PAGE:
French restaurant Brasserie Brixton opens in Cole

Brasserie Brixton, a French restaurant in Cole, opened Tuesday. (Photos by Lily O’Neill)

Traveling to Paris might be out of the question given the pandemic, but residents of the Cole neighborhood don’t have to go too far to get a taste of France.

Brasserie Brixton, a French restaurant, opened Tuesday at 3701 N. Williams St. after nearly a year of renovations.

“We had about 70 covers for our first night,” co-owner Justin Morse said. “Most people were within a 10-block radius that came in. A lot of them had been following the construction and we even had to turn some people away, which is a good problem to have on opening night.”

Justin Morse

Morse, who works full time as an engineer, launched the 1,700-square-foot restaurant with his co-worker Matt Daniels and girlfriend Amy Keil, who works as an architect. It’s an ode to his time spent in French-speaking Montreal, where he went to school, and his travels to Paris through the years.

“I live in a world that’s very black and white; there’s not a lot of room for creativity in my job,” Morse said. “I wanted something different without quitting my day job and to bring a unique concept to Denver that resonates with people.”

Brasserie Brixton is open from 4 p.m. to 10 p.m. Tuesday through Saturday, with plans to extend hours once regulations loosen up.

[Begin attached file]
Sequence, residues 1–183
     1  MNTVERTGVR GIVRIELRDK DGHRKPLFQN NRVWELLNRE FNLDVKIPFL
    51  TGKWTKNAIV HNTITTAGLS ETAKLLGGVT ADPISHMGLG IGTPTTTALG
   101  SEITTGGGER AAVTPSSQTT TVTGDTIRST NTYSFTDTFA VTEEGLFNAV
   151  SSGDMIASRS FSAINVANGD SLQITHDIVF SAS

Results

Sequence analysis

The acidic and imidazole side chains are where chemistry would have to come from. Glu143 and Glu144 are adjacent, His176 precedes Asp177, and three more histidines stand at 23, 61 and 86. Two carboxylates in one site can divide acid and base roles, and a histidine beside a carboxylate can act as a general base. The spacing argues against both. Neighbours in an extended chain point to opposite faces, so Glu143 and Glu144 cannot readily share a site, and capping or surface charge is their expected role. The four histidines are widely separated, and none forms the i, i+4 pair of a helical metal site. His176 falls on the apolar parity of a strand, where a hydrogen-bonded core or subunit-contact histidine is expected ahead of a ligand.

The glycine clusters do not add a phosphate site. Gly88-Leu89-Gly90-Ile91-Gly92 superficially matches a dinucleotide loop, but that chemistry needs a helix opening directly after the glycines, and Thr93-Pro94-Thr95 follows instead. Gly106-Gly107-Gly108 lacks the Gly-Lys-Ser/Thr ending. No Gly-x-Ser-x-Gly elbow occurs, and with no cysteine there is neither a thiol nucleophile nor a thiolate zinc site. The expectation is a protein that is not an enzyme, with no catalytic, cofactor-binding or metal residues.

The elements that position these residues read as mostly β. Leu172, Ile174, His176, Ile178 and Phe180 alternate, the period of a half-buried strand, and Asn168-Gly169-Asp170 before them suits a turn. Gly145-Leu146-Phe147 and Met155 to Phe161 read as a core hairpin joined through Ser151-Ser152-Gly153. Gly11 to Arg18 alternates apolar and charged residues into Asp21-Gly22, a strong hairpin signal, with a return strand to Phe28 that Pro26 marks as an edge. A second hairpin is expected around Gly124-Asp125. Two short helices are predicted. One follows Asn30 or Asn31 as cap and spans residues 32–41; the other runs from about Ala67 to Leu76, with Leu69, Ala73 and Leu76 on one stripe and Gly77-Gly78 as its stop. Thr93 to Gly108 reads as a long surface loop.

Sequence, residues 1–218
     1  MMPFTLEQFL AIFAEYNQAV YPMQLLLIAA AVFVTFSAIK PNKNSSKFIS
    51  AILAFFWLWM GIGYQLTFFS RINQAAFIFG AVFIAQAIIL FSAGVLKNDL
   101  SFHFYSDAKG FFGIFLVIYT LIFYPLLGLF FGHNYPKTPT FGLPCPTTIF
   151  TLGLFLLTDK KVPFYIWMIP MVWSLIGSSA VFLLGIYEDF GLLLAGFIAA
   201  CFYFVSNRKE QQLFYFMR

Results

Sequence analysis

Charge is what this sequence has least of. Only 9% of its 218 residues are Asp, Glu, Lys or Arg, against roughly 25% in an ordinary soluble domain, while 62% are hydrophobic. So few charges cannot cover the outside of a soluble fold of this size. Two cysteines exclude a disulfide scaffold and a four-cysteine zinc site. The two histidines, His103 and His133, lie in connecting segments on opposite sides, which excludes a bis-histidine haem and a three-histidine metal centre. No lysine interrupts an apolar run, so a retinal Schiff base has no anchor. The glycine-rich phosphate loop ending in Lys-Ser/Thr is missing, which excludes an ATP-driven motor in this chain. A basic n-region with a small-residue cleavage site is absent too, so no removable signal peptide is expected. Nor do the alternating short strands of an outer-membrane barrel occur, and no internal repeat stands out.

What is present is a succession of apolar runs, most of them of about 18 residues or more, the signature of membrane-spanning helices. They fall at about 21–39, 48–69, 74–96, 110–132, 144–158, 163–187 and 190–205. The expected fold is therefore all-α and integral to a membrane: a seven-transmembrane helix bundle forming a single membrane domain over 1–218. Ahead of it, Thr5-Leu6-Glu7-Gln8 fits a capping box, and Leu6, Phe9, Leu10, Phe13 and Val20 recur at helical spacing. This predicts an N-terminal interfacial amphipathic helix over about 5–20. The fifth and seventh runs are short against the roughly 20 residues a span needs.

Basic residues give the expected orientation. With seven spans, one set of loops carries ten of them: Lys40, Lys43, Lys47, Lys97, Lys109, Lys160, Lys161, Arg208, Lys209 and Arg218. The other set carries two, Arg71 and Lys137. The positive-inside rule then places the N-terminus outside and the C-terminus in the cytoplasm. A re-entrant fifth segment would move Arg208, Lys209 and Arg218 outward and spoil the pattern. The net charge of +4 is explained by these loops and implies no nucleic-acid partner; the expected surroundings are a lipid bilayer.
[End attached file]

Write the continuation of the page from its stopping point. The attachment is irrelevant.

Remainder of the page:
The menu, inspired by small neighborhood restaurants in the Parisian suburbs, includes a mix of classic and contemporary dishes, such as French onion soup and blood sausage wontons. The team has brought on chefs Nicholas Dalton, formerly of Mercantile, and Rye Society’s Ross Goldberg.

“We wanted to try to make some traditional French dishes a little more fun and approachable,” Morse said. “We put the blood sausage wontons as an appetizer, so people would be a bit more adventurous, and it’s been one of the most popular dishes so far.”

Morse signed the 10-year lease for space in November 2018. He sourced a majority of the restaurant’s furniture from China and acted as his own general contractor in overseeing renovations, which Keil designed. He wanted to save money in order to keep menu prices down and to hire an experienced team.

“To open a restaurant that is all about the experience and have scaled it back from day one was a tough pill to swallow,” Morse said. “But we are excited to grow in this community and become a staple for the neighborhood.”

The French restaurant will serve a mix of traditional and contemporary dishes.

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